Central Committee of National Jihad in Palestine

The Central Committee of National Jihad in Palestine (Arabic: اللجنة المركزية للجهاد الوطني في فلسطين) was the nominal political and organizational body of the 1936–39 Arab revolt in Palestine. It was founded during the second stage of the revolt in November 1937.[1] The Damascus-based Central Committee was founded by Palestinian Arab leaders exiled from the British Mandate of Palestine by the authorities, chief of whom was Izzat Darwaza. The intended purpose of the committee was to provide funds and guidance to the revolt's leaders on the ground,[2] who were largely of rural origin and acted more or less autonomously from the committee and each other.[1]

Because the leaders of the Central Committee were exiled, centralized authority over the revolt proved difficult to establish. The Damascus-based leadership and the mostly rural rebels fighting inside Palestine espoused different political outlooks and this further strained the Committee's attempts to influence rebel actions.[2] Only three of the main rebel leaders in Palestine maintained a collaborative relationship with the Central Committee, while about a dozen others operated beyond the organization's influence.[3]



The Central Committee was led by Izzat Darwaza, an exiled teacher, historian and founding member of al-Istiqlal ("Independence Party"). Later, Jamal al-Husayni, the head of the Palestine Arab Party, former Istiqlal member Akram Zuaiter and guerrilla leader Abd al-Qadir al-Husayni joined Darwaza in the committee.[4] The organization was highly influenced by the exiled Grand Mufti of Jerusalem and the head of Arab Higher Committee (dissolved by the British authorities in late 1937), Mohammad Amin al-Husayni.[4]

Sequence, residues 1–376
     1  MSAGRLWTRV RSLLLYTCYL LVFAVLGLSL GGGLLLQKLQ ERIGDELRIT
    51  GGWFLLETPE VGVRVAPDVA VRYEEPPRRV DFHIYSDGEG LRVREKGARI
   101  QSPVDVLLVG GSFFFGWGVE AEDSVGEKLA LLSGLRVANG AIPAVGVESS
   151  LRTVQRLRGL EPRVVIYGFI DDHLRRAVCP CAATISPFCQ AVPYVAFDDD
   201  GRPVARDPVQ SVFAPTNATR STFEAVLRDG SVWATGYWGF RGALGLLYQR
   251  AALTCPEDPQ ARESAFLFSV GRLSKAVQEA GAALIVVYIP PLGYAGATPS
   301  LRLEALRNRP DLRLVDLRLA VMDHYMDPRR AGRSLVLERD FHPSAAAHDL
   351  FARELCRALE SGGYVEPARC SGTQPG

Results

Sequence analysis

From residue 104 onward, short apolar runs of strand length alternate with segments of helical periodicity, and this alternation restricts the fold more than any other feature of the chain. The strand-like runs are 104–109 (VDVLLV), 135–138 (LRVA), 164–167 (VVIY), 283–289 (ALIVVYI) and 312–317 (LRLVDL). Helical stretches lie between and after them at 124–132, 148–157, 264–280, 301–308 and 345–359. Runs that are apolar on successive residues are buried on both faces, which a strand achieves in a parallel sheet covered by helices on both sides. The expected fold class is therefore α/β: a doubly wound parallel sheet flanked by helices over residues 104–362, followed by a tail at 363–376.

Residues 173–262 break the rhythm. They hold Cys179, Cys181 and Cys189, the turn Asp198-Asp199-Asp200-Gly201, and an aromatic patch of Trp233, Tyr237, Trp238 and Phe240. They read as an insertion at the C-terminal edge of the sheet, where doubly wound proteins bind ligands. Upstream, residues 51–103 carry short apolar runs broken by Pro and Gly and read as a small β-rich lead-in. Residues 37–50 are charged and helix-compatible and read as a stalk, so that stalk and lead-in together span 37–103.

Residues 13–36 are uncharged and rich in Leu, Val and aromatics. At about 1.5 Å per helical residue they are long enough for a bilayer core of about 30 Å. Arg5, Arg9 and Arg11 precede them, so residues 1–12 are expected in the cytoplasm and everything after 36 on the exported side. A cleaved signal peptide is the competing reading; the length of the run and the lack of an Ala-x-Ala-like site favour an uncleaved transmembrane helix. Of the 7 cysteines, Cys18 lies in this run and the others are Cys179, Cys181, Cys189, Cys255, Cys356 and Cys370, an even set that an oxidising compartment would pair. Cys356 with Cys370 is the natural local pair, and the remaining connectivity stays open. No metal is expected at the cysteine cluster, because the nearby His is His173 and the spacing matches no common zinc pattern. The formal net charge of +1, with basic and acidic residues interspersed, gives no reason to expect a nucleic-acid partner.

The veteran pan-Arab guerrilla leader Fawzi al-Qawuqji and his deputy Muhammad al-Ashmar were invited to lead the rebellion by the Committee and the Grand Mufti, but did not accept the role. Al-Qawuqji had previously served as the revolt's leader on the ground, at least nominally, in 1936. In general, the local rebel leaders fighting in Palestine were wary of outside leaders as well as each other.[4] According to Darwaza, "Each commander defined his area of his operations, which he saw as his own sphere of influence. He would become upset if a neighboring leadership encroached into his area in a way that he saw as a violation of jurisdiction."[5]

In late 1938 the rebels formed a central military command structure called the Bureau of the Arab Revolt in Palestine, which would serve as the Central Committee's military arm. However, the growing rivalry between Abd al-Rahim al-Hajj Muhammad and Arif Abd al-Raziq impeded the Bureau's operations and coordination. The two were designated the rotational role of General Commander of the Revolt.[6] The two other commanders serving on the Bureau were Yusuf Abu Durra of the Haifa-Wadi Ara region and Abu Ibrahim al-Kabir of the Upper Galilee.[7]

In February 1939 al-Hajj Muhammad was confirmed as the sole General Commander by the Central Committee. He was killed fighting British troops and allied Arab "peace bands" near Jenin in late March.[6] Following his death, the Central Committee appointed Ahmad al-Hasan as General Commander, although this did little to boost rebel morale and the revolt dissipated by the winter of 1939.[8]


  1. ^ a b Haim, 1982, pp. 81-82.
  2. ^ a b Pearlman, 2011, p. 49.
  3. ^ Pearlman, 2011, p. 52.
  4. ^ a b c Frisch, 2008, p. 22.
  5. ^ Chenoweth, 2010, pp. 213-214.
  6. ^ a b Frisch, 2008, p. 23.
  7. ^ Great Britain and the East, 1939, p. 126.
  8. ^ Nimr, 2012, p. 155.


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  • Great Britain and the East. Vol. 53. Great Britain and the East, Limited. 1939.
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  • Pearlman, Wendy (2011). Violence, Nonviolence, and the Palestinian National Movement. Cambridge University Press. ISBN 978-1139503051.
  • Swedenburg, Ted (2003). Memories of Revolt: The 1936-1939 Rebellion and the Palestinian National Past. University of Arkansas Press. ISBN 1610752635.